CDA Jones’ Remarks at the Women on the Front Lines Conference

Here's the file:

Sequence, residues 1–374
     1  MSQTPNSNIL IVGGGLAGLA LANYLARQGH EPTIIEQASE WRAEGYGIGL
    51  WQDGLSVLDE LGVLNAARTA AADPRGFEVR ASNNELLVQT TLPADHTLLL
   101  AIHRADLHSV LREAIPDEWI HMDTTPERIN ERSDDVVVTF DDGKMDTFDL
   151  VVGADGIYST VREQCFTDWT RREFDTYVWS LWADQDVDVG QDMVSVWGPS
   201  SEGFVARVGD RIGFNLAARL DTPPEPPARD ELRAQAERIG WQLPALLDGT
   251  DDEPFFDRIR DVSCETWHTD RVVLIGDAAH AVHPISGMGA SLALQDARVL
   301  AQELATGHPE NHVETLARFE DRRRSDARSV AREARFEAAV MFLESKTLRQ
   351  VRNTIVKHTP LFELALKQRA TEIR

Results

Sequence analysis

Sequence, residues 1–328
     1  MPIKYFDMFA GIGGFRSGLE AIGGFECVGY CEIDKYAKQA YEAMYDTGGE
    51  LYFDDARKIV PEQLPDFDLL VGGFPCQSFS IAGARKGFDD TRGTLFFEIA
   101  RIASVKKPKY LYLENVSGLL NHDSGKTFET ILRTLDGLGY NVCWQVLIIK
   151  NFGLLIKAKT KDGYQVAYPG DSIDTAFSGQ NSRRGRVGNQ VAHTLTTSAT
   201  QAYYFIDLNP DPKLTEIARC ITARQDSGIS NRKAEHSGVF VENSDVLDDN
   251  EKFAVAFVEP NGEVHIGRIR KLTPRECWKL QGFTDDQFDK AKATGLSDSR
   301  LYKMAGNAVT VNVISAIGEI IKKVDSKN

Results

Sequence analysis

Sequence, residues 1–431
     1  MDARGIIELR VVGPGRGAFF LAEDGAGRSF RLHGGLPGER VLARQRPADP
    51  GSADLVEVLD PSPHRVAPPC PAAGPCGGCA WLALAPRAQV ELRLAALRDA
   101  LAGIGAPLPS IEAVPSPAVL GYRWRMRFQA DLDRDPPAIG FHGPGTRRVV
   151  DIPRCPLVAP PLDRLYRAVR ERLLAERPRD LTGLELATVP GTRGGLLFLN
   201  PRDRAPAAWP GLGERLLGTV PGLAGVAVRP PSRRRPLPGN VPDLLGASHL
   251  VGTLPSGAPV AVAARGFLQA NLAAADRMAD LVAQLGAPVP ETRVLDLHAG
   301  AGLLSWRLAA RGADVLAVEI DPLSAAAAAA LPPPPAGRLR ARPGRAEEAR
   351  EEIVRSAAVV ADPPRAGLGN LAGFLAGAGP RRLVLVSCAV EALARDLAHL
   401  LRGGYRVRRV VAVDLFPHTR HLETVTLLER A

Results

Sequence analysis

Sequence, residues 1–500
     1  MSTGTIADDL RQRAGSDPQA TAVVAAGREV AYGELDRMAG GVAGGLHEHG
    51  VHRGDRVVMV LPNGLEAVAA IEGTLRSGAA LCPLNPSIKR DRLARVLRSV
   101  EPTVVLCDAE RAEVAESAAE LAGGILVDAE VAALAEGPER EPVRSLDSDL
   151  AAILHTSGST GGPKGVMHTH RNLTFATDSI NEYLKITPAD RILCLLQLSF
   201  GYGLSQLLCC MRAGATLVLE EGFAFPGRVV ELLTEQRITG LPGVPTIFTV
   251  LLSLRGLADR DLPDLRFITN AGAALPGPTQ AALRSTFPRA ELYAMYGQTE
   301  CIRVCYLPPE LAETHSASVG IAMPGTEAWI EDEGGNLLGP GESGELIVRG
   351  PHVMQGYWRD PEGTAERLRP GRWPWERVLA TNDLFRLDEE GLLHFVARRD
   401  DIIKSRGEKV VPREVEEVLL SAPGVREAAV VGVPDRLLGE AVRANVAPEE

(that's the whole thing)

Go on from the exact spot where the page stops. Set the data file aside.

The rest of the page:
I would like to thank Mrs. Lama Salam for her patronage, but also the passionate and inspiring May Chidiac for bringing together this group of leaders. May, your courage is an inspiration to all of us. One week from today, on March 8, we will celebrate the 105th observance of International Women’s Day. The creation of International Women’s Day emerged from the activities of labor movements at the turn of the 20th century in North America and across Europe. This day honors the history of the women’s rights movement, including advocating the right to vote and hold public office, and for fighting discrimination in the workplace. It is a time to reflect on progress, to call for change, and to celebrate acts of courage and determination by women who have made a difference in their communities and countries. The goals of this conference are to inspire women to pursue their passions, think big, and turn their dreams into reality. They are beautifully aligned with this year’s International Women’s Day Theme. Every International Women’s Day has a theme, by the way, and 2016’s is “Pledge For Parity.” The idea behind this theme is that everyone can take action to empower women and girls. In fact, a community effort is exactly what we need to make real, lasting progress. Empowering women is a complex challenge that requires a collaborative solution – one in which we can all play a role. International Women’s Day offers a moment for the world to celebrate women – past, present, and future. In the past, the world has often overlooked or even erased the contributions of women. From history books to the Nobel Prize, the inventions, discoveries, quotes, achievements, or simply the names of women are missing – or worse, attributed to men instead. In interest of full disclosure, this speech was written by a woman. Anyway, International Women’s Day is an opportunity for all of us – especially educators and students – to learn about these missing women and honor their contributions to society. As we celebrate these women, we also have to recognize the tremendous barriers that can stand in their way simply because they are women. From the very beginning of our lives, gender defines us – the first thing anyone will ask about a new baby is if it’s a boy or a girl. Well, almost everyone. I remember when my wife and I had our first child, I telephoned my parents. After receiving the news of the birth, my mother shyly asked me: “And what is the baby’s name?” When I responded that it was Joseph, she screamed to my father outside, “They had a boy! They had a boy!” To be fair to my parents, my son was their fifth grandchild and the first four were all girls. So, it’s a matter of balance. Unfortunately, as babies grow into children and then adults, gender too often determines the opportunities available – just about everywhere boys are more empowered to contribute than girls, and that is a sad fact. Women remain disempowered in many economies, held back from working in certain fields or positions, or even at all. Women account for about 40 percent of the total global workforce, but make up 58 percent of all unpaid work and 50 percent of informal employment. In developing countries, the disparities are often even larger. Leaving women out of the formal economy not only disadvantages the women themselves, it also equates to an economic loss for society at large. According to the International Monetary Fund, legal barriers to women’s labor force participation causes losses in GDP of up to 30 percent. The McKinsey consultancy estimates that if women around the world participated on an equal footing with men, as much as $28 trillion could be added to annual global GDP by 2025. Women are often denied the ability to make decisions for themselves, their communities, and their countries. Despite comprising over 50 percent of the world’s population, women continue to be underrepresented in every aspect of political and public life. Today, only 22 percent of the world’s parliamentarians are women – in Lebanon, there are only four women among 128 parliamentarians. Globally, less than 20 percent of government ministers are women – in Lebanon, there is only one woman minister, although now she has two portfolios. Since 1992, women have represented fewer than three percent of mediators and eight percent of negotiators to major peace processes. I should mention that among United States Ambassadors around the world, only 31% are female. But this is a huge rise since 1956 when only 3% were female, but we still have opportunities to grow. In Lebanon, the number (of female U.S. ambassadors) is two out of twenty two, but it will soon be three out of twenty three. In more than 60 countries around the world, including Lebanon, nationality laws deny women equal rights with men to acquire, change, or retain their nationality, or to confer their own nationality to their foreign or stateless husband. In 27 countries around the world, including Lebanon, women do not have the same rights as men to confer nationality to their children. So if a woman gives birth and the child’s father is absent, the baby may be denied the mother’s citizenship, leaving the child with no citizenship at all and creating a new generation of stateless persons. The United States knows well what can happen when women are empowered to achieve their full potential. Nearly 50 years ago, the role of women started to change in the United States. More and more women started to enter the workforce. Because of their contributions, the GDP in the United States rose by 25 percent. Empowering women to achieve their full potential is a goal that we work on not only within the borders of the United States, but also globally. Here in Lebanon, we are involved in a wide range of programs for women. One of those programs is called “Teaching Women English.” Over the past eight years, we have served 6,500 women in 120 communities – teaching not only English but also business, critical thinking, and conflict resolution skills. One woman found a new investor in her chocolate business due to her new skills; another convinced her daughter to stay in school by helping with homework. These women are stronger partners in their families, are better integrated into the economy of their towns, and through their example to their children and siblings, are becoming role models for the value of education. This is just one example of how programs targeted to improve women’s empowerment can build up an entire family, and an entire community. So what else can be done? Policymakers can implement new laws, and improve laws that continue to discriminate against women. Government officials can start programs that help women climb the barriers in front of them. Business leaders can change company policies to make things easier for working families. Entrepreneurs can share their knowledge of where the barriers remain, and extend a hand up to the women coming up the ladder. Researchers can help society better understand the challenges women and girls face, and help to quantify the social and economic benefits of gender equality. And civil society can hold all of us accountable to our promises, press for new commitments, and shine a light on the everyday realities of women. The World Bank recently released a study on the most powerful indicator to predict gender equality in a country. The study considered things like a country’s wealth and the progressiveness of political parties. It found that, while those things mattered, the most important indicator was whether or not a country had strong grassroots advocates of women’s equality. In a democracy like Lebanon, where the nature of most political parties is, shall we say, at the very least not exactly conducive to the full participation of women, grass roots activities will likely be even more important to gaining greater equality. Of course women would like to and should be able to take active, leading roles in politics in Lebanon, but even while opportunities to engage in such overt political activities remain limited, there are many ways Lebanese women may influence the evolution of Lebanon’s democracy toward a more democratic, gender neutral future. As important as they are, elections are not the be all and end all of democracy, not in Lebanon, nor in any country. Democracy has many more aspects than elections and the principle of majority rule. Strong institutions, the rule of law and the protection of minority rights are just as important. They may even be more important in many instances since they are practiced every day in a vibrant democracy, whereas elections are held only every couple of years – or every six or eight in the case of Lebanon lately. Opportunities are opening up in many areas for women interested in strengthening Lebanese democracy. Women are now able to join the Lebanese Armed Forces and the Internal Security Forces, to train for careers in banking, in law and in the media. And as always, they are able to speak out within their families and within society when they see violations of law and abuses of power. Today, we can also add social media to that list. One wonders whether Lebanon would be without a president and missing elections for the past six years, if Lebanese women had made a concerted effort using such tools, or followed Lysistrata’s example. In a way this conference is reminiscent of the gathering of Greek women at the beginning of that ancient Greek comedy. It brings together a diverse group of like-minded advocates to achieve a political goal. But we’re also here to celebrate women’s contributions on the front lines – in international relations, responding to pressing refugee crises, as journalists reporting on exclusive stories from the field, or as business leaders overcoming the risks and the struggles of entrepreneurship to create jobs. But it also brings together concerned women to continue the struggle for their rights. In some cases the front line of this struggle could prove to be as close as their own homes, as they fight extremism in their own families. In all these sectors, women have an important role to play. On International Women’s Day, we can remember the women of the past – we can celebrate the great women of today – and, we can lay the foundation for the women of tomorrow. Most importantly, we can pledge to make the change, knowing that humanity can reach its full potential only when women and girls are empowered to reach their full potential. Thank you, I wish you the greatest success. شكراً وأتمنى لكم نجاح كامل. عاش لبنان.